Additive Manufacturing, Porous Media, Heat Transfer Enhancement, Mass Transfer, Capillary Motion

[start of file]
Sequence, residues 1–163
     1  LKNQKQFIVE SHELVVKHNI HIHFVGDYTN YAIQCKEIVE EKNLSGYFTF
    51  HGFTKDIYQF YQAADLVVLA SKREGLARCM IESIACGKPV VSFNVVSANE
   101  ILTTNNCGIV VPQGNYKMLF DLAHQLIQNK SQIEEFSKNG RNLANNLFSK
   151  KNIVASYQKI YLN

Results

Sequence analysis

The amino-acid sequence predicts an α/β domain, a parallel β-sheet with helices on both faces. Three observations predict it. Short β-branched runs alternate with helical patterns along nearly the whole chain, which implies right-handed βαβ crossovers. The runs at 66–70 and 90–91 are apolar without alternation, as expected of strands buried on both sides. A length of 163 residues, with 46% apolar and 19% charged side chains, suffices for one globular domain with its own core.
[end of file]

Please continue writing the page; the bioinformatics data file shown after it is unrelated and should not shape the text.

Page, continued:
Heat pipes and other heat transfer applications use capillary-driven liquid motion to enhance performance. This research uses water and a low surface tension fluid FC-40 to test additive-manufactured polymer wicks using a rateof-rise test. The rate-of-rise tests give a measure of the wicks’ performance capabilities as well as being able to calculate the wicks’ permeability and effective pore radius. Four wicks were measured having two different internal structures (i.e., 1.0 mm triangle and 1.75 mm square) and two external structures (i.e., layered and column). The 1.0 mm Triangle wicks performed better than their 1.0 mm Square counterparts for both water and FC-40. Both 1.0 mm Triangle wicks performed similarly for both water and FC-40, with the column wick (11.0 mm) performing better than the layered wick (8.98 mm). Using a least squares method from the rate-of-rise results, the permeability and effective pore radius of each wick were calculated for the 1.0 mm triangle layered wick, the 1.75 mm square layered wick, and the 1.0 mm triangle column wick. The 1.75 mm square column wick was unable to wick either liquid, so the permeability and effective pore radius were not able to be calculated. The permeability and effective pore radius for each wick were 3.00 um2 and 130.1 um, 0.95 um2 and 221.1 um, and 77.8 um2 and 1099 um, respectively. Some challenges involved with polymer additive manufacturing design and creation were also discussed.